The CG Black offers a slightly rounded shape, a matte black crown, and absolutely no alignment aid. The only crown detail, blue accents on the trailing edge, is subtle-enough that most won’t notice it at address. While you might call CG Black a game-improvement driver, the overall design proves that game-improvement doesn’t need to be in your face. Much like the Classic line, CG Black reflects a modern take on a traditional aesthetic.
Other details include a slightly shallow face, and while difficult to explain in any meaningful way, the majority of golfers who sole the driver at address will appreciate the way the heal-side edge contours hug the turf.
Cleveland put a fair amount of effort into refining the sound (and consequently the feel) of the CG Black driver. The addition of an internal rib creates a higher frequency sound at impact, which most will likely prefer over a deeper thud. The result is a club that feels more alive at impact.
Everything we’ve talked about is all well and good, but doesn’t it really boil down to how the driver performs?
Because of its specific and arguably narrower market focus, Cleveland declined to have CG Black included in our Most Wanted Test, but it did provide us with samples for testing. So while not specifically part of the test itself, a subset of our testers (those within CG Black’s target audience) did hit the CG Black driver during the test.
When we look at key metrics like swing speed, ball speed, and distance (total and carry) it’s not surprising that for our golfers within its target audience, the CG Black outperformed low/forward CG designs like the TaylorMade R15, Callaway Double Black Diamond, Cobra FLY-Z+, as well as a majority of the sub-460cc drivers.
Those drivers are generally designed for lower launching, lower spin players. They’re not designed to produce higher club head speeds or help the golfer get the ball in the air.
Among the drivers in our test, and likely across the entire market, the closest comparison to the Cleveland CG Black is the Wilson D200, and so we thought it could be interesting to take a look at a direct comparison.
As you can see, the two drivers performed quite similarly and depending on what exactly it is you’re looking for in a driver, you could probably make a case for either.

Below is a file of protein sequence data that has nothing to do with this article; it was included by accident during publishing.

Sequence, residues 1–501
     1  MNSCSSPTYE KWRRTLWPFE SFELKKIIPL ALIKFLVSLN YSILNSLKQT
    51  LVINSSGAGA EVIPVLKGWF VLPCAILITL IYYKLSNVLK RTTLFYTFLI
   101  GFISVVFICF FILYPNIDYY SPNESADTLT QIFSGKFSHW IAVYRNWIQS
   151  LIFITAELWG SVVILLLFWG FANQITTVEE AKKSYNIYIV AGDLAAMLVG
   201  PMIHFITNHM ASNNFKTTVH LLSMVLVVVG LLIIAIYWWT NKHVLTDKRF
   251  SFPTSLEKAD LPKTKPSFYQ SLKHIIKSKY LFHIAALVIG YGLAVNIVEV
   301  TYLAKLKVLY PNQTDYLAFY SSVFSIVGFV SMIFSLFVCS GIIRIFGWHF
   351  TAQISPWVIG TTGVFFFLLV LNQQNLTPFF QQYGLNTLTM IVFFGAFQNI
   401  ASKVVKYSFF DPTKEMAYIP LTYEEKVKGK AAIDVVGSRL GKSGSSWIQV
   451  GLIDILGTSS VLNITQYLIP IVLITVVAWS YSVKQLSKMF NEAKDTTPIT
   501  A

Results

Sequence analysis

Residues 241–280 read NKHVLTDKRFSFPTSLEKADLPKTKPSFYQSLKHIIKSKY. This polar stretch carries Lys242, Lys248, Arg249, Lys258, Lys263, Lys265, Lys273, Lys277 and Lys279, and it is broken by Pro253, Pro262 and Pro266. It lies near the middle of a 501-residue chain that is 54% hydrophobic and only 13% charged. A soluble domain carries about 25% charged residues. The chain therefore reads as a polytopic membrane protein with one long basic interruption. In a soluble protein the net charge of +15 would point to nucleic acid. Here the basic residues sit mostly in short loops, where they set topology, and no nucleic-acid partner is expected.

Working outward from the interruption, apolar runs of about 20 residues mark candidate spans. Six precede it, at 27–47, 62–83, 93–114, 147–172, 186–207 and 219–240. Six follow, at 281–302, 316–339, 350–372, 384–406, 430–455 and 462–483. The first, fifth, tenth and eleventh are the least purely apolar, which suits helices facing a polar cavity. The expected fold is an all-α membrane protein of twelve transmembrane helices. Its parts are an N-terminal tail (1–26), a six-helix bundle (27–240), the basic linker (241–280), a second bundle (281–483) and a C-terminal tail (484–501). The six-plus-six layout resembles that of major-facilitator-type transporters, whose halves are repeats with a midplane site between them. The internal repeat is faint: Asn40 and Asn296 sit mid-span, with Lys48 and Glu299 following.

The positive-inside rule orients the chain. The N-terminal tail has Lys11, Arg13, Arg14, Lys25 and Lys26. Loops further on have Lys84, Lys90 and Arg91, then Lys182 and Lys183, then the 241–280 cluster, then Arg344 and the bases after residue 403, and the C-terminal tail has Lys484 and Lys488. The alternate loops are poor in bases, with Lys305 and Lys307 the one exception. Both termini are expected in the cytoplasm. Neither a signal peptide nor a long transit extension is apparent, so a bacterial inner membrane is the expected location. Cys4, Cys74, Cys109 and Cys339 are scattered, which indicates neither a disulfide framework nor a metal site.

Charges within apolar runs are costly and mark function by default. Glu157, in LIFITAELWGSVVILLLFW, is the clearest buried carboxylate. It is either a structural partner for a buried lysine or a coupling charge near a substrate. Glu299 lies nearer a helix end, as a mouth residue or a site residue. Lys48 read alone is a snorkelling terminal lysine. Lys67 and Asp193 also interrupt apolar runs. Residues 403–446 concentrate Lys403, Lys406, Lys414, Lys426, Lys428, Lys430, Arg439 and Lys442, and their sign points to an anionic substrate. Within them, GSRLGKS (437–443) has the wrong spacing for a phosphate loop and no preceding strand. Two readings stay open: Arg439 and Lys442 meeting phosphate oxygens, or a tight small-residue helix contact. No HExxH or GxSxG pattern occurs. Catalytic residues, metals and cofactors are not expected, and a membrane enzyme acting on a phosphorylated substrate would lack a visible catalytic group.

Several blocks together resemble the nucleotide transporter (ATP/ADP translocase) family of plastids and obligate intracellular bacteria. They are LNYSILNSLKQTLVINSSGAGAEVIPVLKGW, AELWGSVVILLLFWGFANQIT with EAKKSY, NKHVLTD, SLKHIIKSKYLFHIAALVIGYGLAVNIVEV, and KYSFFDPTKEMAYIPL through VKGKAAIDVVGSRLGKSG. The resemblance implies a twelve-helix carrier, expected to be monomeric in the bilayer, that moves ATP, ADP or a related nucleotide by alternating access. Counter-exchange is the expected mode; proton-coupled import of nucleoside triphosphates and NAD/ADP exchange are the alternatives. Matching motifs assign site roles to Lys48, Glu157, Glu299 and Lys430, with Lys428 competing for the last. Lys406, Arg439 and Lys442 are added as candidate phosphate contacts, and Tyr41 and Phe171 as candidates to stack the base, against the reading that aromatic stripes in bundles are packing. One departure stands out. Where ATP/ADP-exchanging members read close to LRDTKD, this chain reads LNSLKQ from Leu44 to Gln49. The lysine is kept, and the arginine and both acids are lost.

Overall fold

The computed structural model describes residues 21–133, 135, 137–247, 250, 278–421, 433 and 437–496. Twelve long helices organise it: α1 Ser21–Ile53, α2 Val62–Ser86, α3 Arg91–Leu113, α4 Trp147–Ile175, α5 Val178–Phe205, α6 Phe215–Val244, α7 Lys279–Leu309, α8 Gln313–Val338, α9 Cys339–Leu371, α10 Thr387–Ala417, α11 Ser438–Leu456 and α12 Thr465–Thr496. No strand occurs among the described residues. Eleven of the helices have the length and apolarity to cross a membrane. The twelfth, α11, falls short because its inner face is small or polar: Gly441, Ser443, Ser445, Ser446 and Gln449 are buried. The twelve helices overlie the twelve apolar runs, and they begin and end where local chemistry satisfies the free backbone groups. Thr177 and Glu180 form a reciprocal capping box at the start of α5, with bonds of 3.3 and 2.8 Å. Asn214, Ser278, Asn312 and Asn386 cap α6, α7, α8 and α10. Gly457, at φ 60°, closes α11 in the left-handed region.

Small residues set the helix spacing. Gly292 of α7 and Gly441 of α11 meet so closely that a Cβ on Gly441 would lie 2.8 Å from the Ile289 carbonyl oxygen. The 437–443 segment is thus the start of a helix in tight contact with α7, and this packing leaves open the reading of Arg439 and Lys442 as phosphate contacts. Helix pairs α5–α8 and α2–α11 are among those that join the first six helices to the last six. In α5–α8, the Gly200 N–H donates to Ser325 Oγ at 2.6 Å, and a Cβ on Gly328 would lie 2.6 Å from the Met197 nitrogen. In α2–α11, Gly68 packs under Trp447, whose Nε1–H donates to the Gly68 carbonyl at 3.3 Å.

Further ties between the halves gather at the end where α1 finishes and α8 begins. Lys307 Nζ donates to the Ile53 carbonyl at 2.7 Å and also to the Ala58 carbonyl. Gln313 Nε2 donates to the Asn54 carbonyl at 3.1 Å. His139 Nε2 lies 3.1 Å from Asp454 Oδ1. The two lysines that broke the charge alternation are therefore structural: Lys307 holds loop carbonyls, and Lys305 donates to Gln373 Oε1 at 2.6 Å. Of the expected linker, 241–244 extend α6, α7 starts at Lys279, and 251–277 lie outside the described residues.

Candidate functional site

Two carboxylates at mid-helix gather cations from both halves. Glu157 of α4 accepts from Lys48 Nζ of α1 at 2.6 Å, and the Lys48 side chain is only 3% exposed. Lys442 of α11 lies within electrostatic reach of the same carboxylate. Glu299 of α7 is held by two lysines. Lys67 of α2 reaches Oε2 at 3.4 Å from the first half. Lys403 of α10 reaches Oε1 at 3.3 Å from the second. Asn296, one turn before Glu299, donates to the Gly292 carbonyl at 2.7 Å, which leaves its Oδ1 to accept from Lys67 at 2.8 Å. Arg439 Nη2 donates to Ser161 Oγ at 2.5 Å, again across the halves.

When we take a deeper dive into our data we find a bit clearer of a dividing line. For the subset of testers who swing above 85 MPH (the range was roughly 86-91 MPH), the Wilson D200 put up better numbers (nearly across the board), while for our testers under 85 MPH (roughly 78-84 MPH), the results were better – again, nearly across the board – with the Cleveland CG Black.
While the results of our larger tests suggest the D200, and other fast drivers like AeroBurner and V-Series should have wider reach within the market, for lower swing speed players, particularly those below 85 MPH, Cleveland’s CG Black is an intriguing option.
If you swing more than 90 MPH, the Cleveland CG Black probably isn’t for you. If you’re happily playing a TaylorMade SLDR or something else of that ilk, it’s probably not for you either, and that’s okay…at least it should be.
Much to Cleveland’s credit the company isn’t taking the usual this driver is for anyone who wants more distance route. Instead the company is being specific and honest about who is most likely to benefit from the CG Black.
Unfortunately that probably also means the CG Black won’t grab the same level of attention as the marketplace juggernauts. All things to all people is what the market likes. Still, if you’re a slow to moderate swing speed player looking for help getting the ball in the air, and who wants to have fun hitting the driver again, then take a look at Cleveland’s CG Black.
The 2015 Cleveland CG Black driver is available in 9°, 10.5°, and 12°. Retail price is $349.99.